Federal Lawsuit Alleges Veterans Affairs Has Denied Benefits To Black People For Decades
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Federal Lawsuit Alleges Veterans Affairs Has Denied Benefits To Black People For Decades

Black veterans
Belmont, North Carolina, USA - October 4, 2014: World War II Veterans give their attention to North Carolina Governor, Pat McCrory during a speech dedicating of a statue to honor the Veterans of World War II.

A federal lawsuit filed Monday alleges obtaining benefits through the Department of Veterans Affairs has been disproportionately more difficult for Black Americans for decades.

NBC News reports the lawsuit was filed in the U.S. District Court for the District of Connecticut by Yale Law School’s Veterans Legal Services Clinic on behalf of Conley Monk Jr., a Vietnam War veteran who has been repeatedly denied home loans, education, and medical benefits because he is Black.

“The results of VA’s racial discrimination has been to deny countless meritorious applications by Black veterans, depriving them and their families of care and support that their faithful service has earned,” the lawsuit states, according to NBC.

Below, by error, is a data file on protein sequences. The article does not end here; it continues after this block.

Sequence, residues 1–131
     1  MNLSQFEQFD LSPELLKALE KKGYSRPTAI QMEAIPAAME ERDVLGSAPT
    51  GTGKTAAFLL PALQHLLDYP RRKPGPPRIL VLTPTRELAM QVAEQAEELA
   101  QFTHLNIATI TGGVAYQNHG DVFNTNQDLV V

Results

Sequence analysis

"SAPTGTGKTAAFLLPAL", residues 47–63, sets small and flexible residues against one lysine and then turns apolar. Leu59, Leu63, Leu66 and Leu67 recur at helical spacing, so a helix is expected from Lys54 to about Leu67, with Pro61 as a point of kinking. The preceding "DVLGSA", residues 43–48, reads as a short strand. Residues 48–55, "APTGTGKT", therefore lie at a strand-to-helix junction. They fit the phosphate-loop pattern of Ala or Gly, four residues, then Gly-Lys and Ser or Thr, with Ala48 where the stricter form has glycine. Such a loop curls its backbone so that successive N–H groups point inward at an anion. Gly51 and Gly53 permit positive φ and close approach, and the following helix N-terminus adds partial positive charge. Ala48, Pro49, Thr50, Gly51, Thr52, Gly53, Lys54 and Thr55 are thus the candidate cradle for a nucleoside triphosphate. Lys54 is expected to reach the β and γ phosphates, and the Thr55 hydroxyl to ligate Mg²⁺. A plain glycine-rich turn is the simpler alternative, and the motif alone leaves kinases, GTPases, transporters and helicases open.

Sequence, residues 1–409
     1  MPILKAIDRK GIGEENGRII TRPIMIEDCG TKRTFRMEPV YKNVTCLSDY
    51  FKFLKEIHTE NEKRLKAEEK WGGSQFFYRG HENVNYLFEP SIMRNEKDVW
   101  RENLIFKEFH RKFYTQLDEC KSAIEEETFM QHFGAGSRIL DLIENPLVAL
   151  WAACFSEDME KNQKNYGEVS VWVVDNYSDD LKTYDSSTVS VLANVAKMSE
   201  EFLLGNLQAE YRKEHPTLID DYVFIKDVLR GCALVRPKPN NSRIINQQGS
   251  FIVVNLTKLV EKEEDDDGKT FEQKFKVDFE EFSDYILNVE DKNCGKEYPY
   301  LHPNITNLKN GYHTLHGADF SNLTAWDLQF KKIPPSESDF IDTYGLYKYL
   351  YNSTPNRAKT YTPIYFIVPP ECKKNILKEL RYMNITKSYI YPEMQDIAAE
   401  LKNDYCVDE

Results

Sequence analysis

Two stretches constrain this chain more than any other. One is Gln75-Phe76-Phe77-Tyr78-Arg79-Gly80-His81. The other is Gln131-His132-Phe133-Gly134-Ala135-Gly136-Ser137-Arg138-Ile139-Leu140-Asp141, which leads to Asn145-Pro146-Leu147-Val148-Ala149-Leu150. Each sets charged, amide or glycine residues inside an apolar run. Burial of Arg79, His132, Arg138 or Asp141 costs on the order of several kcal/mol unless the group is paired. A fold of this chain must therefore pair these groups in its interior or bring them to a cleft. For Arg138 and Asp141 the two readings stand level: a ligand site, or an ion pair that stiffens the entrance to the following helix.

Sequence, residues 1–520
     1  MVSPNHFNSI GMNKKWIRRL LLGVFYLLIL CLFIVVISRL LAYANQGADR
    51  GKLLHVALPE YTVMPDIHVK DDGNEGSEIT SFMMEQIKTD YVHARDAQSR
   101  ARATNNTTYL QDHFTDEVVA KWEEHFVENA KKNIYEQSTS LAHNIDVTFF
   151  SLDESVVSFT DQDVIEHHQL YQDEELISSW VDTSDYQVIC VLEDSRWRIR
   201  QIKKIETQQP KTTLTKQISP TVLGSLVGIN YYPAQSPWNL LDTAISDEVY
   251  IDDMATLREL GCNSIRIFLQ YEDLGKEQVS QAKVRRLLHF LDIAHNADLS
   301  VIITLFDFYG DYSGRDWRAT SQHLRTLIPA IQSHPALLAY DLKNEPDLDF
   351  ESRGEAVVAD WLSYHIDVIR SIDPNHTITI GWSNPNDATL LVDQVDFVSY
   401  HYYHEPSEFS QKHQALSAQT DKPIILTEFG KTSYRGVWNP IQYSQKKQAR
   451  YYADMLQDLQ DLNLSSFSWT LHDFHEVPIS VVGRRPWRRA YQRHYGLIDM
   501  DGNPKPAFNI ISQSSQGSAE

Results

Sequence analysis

According to the suit, Monk is not alone.

According to VA records obtained by NBC through a Freedom of Information Act request and litigation by the National Veterans Council for Legal Redress, of which Monk is the co-founder and director, and the Black Veterans Project, the average denial rate for disability compensation was 5.3% higher for Black veterans than their white peers between 2001 and 2020. Additionally, the racial disparity for average acceptance rates was 6.8%.

“They failed to redress longstanding, pervasive race discrimination and disparate impacts of which they knew or should have known,” the suit reads.

Multiple studies have shown Black veterans have been denied benefits, including the GI Bill and honorable discharges. In response, Black veteran groups have begun organizing,g and Black politicians have been stepping in to help as well.

In a statement to NBC, Veteran Affairs Press Secretary Terrence Hayes acknowledged the “unacceptable disparities in both VA benefits decisions and military discharge status due to racism,” adding the department is studying the role race has played in benefit decisions.

“We are actively working to right these wrongs,” Hayes added. “We are taking steps to ensure that our claims process combats institutional racism, rather than perpetuating it.”

At a press conference Monday after the suit was filed, Sen. Richard Blumenthal (D-Conn.) said he was not interested in the study’s results.
“We know the results,” Blumenthal told reporters. “We want to know the reason why.”